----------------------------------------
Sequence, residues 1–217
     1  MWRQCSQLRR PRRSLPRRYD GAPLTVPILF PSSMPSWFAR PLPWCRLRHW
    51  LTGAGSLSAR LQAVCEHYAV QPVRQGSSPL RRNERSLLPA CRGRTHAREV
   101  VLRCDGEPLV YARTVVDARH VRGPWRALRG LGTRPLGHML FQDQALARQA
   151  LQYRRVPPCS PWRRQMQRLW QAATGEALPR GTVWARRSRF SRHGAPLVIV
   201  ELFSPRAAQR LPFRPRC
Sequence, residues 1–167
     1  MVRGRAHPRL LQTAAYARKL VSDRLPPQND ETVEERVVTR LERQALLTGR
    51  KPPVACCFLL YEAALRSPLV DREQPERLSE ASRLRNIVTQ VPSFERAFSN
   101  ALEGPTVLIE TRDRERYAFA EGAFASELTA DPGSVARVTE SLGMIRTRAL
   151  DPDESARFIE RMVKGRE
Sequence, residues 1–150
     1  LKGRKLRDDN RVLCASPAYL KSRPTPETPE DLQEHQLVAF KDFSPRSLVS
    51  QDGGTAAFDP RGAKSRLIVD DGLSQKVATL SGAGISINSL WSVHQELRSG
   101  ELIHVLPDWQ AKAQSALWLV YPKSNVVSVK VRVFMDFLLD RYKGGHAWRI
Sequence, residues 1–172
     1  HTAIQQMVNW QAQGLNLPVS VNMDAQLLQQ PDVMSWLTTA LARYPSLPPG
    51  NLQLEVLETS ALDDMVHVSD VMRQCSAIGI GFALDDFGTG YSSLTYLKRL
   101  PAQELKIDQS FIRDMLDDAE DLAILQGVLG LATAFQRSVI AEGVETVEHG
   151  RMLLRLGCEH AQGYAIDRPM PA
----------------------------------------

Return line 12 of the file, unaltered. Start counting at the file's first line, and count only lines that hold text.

Sequence, residues 1–150